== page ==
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Gov. Cuomo Proposes Value Capture Plan For Developments Near New Subway Stops

Gov. Andrew Cuomo rides the subway in 2014.

Gov. Andrew Cuomo has proposed a new way to fund subway improvements by taxing landlords on increased property values.

The proposal, which is short on details and still must pass through the state legislature, would create "transit improvement districts," within which building owners would pay additional taxes based on estimated growth in property value due to new or improved subway and Metro North stops, the New York Times reports.

The strategy is called "value capture," and it is already in place in cities like Seattle, Los Angeles, London and Hong Kong, according to the Times. It has the support of the Regional Plan Association, which highlighted transit improvements as crucial to the continued health of the city in its recently released Fourth Plan. Cuomo's proposal would not apply to completed projects, such as the Second Avenue Subway, and would only come into play for new projects costing over $100M.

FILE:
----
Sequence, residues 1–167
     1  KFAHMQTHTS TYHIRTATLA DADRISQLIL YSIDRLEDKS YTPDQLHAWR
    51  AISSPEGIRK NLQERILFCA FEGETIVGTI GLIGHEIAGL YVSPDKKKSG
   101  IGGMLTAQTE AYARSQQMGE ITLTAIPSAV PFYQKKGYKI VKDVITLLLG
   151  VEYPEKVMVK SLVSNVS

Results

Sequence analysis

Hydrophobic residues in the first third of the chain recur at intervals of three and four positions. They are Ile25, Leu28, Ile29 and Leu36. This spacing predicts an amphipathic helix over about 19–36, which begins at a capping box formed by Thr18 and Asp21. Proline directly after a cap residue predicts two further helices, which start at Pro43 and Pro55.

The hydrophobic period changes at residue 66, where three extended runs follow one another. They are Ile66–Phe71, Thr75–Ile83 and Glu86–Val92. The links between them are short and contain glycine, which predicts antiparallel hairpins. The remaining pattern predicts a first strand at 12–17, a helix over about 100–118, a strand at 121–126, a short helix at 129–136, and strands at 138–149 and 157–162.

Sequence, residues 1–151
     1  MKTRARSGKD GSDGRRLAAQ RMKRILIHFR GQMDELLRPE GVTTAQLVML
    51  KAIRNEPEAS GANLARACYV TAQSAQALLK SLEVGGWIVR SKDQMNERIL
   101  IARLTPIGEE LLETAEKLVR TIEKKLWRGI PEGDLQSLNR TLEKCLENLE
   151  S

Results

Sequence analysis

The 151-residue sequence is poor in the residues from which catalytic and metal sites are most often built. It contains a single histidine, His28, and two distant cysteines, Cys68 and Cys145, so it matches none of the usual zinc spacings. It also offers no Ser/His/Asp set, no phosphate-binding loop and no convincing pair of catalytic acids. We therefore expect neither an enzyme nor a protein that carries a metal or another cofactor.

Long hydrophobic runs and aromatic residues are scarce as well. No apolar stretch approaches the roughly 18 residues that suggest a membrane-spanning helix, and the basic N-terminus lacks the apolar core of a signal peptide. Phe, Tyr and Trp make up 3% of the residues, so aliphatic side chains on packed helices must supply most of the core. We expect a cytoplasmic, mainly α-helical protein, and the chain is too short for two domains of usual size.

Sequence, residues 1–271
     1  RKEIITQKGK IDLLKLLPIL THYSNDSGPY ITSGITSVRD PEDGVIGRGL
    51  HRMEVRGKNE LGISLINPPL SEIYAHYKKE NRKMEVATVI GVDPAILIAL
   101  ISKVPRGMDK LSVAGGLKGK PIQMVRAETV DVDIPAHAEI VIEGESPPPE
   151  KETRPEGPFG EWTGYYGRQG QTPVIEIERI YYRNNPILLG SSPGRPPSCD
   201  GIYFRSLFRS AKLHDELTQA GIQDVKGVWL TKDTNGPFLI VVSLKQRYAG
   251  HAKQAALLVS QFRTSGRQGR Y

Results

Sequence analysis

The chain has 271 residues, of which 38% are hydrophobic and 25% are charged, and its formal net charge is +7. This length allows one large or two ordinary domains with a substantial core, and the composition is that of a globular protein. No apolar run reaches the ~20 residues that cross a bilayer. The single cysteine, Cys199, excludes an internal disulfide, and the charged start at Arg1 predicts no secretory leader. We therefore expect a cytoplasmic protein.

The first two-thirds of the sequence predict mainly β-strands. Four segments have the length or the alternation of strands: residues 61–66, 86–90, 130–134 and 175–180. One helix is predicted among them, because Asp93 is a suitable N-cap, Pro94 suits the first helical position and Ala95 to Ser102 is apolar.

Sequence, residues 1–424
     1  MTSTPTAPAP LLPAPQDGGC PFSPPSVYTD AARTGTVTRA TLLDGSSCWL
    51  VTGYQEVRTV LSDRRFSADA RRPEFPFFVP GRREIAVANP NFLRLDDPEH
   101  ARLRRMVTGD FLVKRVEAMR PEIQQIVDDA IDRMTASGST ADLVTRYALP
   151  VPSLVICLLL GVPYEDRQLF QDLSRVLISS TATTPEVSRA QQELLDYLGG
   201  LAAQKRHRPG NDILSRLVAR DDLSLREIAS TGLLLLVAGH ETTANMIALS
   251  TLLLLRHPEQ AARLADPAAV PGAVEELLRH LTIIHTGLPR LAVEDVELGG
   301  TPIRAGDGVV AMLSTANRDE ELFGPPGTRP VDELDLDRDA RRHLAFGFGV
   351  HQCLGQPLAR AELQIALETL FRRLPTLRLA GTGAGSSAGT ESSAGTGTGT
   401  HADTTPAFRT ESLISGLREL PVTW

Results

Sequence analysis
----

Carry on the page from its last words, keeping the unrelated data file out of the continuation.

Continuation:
Among the proposal's critics is the office of Mayor Bill de Blasio, which bristled at the concept of a property tax system that bypasses the city government, according to the Times. Cuomo's plan states that the MTA would levy the tax and keep 75% of proceeds, with the remaining 25% going to the city.

To foster cooperation between the state-run MTA and the city, the proposal includes the use of a four-person board, including one city representative, that would have to unanimously approve all tax decisions.

The value-capture plan would be a more direct version of what Mayor Michael Bloomberg used for Hudson Yards, where he pledged $1.8B of city money to fund the extension of the 7 line based on anticipated property tax revenue from development in the new district.